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Tomas
Tomas is 58 years old and resides in his own home along with his mother and his sister. He earns his living by making delivery trips to different parts of the city. Tomas has been in this line of work for 10 years and he has many customers as a result of his experience in this field.

Tomas wants to build a fence in front of his house, so he is requesting a loan from FUSAI. He will invest in the purchase of chain link mesh and cement posts so that he can quickly proceed with the construction of the fence, which will provide greater security for his family.
View original language description ↓
Tomas tiene 58 años de edad y habita en casa propia junto a su madre y hermana. El se gana la vida mediante la realización de viajes a diferentes partes del municipio. Tiene 10 años de dedicarse a este negocio por lo que ya cuenta con muchos clientes y experiencia en el área. Tomas desea construir una cerca en el frente de su vivienda para lo cual solicita este crédito a FUSAI para invertir en la compra de tela metálica y postes de cemento para proceder lo antes posible a la construcción de la cerca y así poder dar mayor seguridad a su familia.

Additional Information

More information about this loan

This loan will be administered by FUSAI (Salvadoran Foundation for Comprehensive Development), a Salvadoran NGO that owns Kiva partner Apoyo Integral. FUSAI will disburse this loan in order to reach a population that doesn't currently work with Apoyo Integral. This type of loan covers basic services (like housing and water), and supports small business and agricultural activities. Borrowers come from low-income families in rural and peri-urban communities, and are considered to be too poor or lack the proper guarantees to get credit through traditional banks or microfinance institutions. Before receiving their loans, they are vetted by local community organizations and enrolled in classes in financial literacy, and the importance of sanitation, potable water and clean energy. Additionally, FUSAI enables borrowers to guarantee one another and take out loans smaller than El Salvador's average. Important to note is El Salvador is considered one of the most dangerous countries in the world, holding the 2nd place in the ranking of murders per capita. All these FUSAI borrowers live in areas considered by the police as highly violent and dangerous, mainly because of gangs influence. Main risks they face in these areas are thefts, extortions, kidnappings and murders.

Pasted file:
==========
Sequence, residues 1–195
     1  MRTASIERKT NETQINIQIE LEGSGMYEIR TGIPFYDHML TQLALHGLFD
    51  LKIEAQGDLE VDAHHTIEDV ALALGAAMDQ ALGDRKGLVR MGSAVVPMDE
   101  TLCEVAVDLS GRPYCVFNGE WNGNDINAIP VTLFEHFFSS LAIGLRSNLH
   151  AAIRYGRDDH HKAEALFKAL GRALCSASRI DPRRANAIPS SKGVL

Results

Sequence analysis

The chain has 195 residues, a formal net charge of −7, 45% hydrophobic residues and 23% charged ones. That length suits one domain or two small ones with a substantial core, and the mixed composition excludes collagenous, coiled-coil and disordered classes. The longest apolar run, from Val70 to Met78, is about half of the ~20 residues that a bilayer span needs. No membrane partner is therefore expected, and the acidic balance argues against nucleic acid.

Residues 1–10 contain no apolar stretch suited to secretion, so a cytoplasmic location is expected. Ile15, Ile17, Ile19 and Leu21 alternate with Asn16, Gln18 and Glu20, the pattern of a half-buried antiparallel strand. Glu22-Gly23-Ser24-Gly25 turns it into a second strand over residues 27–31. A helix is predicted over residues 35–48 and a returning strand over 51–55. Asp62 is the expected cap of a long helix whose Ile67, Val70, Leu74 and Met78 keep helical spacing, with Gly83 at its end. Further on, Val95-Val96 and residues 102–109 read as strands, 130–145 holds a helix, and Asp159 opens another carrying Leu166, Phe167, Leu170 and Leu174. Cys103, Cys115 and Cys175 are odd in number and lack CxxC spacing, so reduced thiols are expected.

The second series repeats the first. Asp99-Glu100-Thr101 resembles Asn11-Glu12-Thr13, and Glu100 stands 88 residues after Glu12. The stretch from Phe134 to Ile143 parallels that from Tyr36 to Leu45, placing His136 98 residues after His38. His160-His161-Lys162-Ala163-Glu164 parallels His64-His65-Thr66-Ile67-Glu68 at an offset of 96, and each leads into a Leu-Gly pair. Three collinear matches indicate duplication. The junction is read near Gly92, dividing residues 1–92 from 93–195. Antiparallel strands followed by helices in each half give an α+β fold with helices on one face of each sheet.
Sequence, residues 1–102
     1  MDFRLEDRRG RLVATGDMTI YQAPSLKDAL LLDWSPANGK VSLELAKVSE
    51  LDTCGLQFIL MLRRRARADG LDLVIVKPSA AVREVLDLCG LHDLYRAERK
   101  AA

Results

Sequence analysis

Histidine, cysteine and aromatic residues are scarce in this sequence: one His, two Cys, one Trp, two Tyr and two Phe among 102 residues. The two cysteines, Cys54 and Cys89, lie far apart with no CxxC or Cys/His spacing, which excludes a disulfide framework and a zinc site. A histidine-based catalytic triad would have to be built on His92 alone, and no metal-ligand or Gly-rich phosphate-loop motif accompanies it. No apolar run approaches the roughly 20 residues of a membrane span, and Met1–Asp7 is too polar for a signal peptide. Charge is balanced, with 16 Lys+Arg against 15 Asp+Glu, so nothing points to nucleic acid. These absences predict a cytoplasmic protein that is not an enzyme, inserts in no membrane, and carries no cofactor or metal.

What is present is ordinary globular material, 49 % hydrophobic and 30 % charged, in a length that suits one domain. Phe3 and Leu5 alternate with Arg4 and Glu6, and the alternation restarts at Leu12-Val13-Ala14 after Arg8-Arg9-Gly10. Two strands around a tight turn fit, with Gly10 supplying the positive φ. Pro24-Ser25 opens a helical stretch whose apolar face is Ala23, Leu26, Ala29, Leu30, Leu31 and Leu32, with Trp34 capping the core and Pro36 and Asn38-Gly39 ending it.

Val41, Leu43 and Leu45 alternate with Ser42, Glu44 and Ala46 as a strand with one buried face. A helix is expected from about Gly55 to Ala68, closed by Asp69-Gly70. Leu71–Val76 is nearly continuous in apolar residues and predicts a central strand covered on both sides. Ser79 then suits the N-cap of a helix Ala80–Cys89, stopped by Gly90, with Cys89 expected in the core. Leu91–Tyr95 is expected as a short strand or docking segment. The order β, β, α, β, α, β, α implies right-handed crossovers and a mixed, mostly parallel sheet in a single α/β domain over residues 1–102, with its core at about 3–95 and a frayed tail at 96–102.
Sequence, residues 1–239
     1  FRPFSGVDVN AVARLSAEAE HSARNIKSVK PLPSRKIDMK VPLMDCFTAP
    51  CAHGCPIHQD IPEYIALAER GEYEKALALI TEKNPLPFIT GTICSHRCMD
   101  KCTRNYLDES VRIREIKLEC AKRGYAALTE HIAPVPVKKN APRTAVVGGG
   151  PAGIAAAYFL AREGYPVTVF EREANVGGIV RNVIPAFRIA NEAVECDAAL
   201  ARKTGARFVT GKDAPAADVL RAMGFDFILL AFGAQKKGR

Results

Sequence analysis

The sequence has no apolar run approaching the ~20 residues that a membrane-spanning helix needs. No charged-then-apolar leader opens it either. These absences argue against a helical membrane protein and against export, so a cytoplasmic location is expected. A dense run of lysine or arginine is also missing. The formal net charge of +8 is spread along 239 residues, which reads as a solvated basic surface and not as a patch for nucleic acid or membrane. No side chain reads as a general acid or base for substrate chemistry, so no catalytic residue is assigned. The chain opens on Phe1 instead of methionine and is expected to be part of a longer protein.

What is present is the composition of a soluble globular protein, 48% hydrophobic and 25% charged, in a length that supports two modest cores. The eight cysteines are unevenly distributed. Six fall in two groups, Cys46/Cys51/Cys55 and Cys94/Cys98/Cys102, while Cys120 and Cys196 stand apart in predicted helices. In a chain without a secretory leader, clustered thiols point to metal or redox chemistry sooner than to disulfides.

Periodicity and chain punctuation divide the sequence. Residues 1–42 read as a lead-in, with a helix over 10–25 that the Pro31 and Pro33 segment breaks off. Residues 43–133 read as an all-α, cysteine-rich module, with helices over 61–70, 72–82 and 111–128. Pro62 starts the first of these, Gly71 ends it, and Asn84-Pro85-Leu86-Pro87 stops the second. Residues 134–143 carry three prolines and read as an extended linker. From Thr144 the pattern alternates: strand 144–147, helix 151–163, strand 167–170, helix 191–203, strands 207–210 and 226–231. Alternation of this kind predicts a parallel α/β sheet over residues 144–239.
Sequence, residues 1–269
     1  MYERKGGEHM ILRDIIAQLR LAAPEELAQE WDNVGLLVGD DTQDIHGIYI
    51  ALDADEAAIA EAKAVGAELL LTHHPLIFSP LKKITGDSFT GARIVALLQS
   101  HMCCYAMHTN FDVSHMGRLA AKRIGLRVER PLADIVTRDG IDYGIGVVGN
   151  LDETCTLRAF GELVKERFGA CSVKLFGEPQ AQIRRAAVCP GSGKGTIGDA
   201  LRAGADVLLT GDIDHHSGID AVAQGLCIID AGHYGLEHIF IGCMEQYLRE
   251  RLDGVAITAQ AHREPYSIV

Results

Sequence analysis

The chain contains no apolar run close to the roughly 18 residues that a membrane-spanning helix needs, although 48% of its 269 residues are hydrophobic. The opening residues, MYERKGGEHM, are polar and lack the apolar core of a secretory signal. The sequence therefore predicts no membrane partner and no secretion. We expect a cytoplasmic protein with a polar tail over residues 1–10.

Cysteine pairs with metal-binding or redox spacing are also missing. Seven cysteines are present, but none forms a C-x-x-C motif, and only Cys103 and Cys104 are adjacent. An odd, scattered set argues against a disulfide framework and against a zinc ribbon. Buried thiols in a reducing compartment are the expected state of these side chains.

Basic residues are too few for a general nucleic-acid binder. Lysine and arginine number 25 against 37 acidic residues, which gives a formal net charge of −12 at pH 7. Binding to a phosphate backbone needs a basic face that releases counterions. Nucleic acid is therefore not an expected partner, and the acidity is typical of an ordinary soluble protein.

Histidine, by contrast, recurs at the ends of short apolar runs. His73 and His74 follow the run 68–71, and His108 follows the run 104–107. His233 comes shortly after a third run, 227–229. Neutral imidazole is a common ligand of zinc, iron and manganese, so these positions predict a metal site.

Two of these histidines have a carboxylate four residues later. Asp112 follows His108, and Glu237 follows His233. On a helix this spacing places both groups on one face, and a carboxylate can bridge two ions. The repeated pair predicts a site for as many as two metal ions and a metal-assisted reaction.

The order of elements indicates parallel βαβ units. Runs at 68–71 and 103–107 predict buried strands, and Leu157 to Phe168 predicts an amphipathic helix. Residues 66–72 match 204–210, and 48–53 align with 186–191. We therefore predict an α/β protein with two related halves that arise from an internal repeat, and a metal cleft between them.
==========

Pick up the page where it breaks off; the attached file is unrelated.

About Apoyo Integral

Apoyo Integral (Apoyo) is a nonprofit organization offering financial products that enable clients to increase their working capital, purchase fixed assets, buy and remodel homes, expand agricultural business and more. The organization’s target group is businessmen and women who have already established their businesses but need financial support to strengthen or expand them.

Like Kiva, Apoyo is committed to empowering women involved in business activities in rural areas. Kiva lenders’ funds will be used to expand these services to an even greater number of poor clients in rural areas.

About Housing Loans

Many poor families cannot afford housing that meets their needs. When you make a housing loan on Kiva, you give people access to flexible capital to obtain or improve their homes. Better housing means better health, sanitation, and even educational outcomes for children. A house can also be much more for entrepreneurs who run businesses out of their homes. In this way, housing and small business loans on Kiva share a common purpose: to alleviate poverty and enable families to enjoy more stable lives.

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About El Salvador

  • $4,900
    Average annual income
  • 441
    View loans »
    El Salvador Loans Fundraising
  • $22,739,825
    Funds lent in using Kiva
  • US Dollars
    Loan transacted in USD
Paying Back

This loan has been fully funded!

A loan of $400 helped Tomas to buy chain link mesh and cement posts for building a fence in front of his house.
80% repaid
Repayment Term
14 months (Additional Information)
Repayment Schedule
Monthly
Pre-Disbursed:
Mar 3, 2014
Listed
Mar 31, 2014
Currency Exchange Loss:
N/A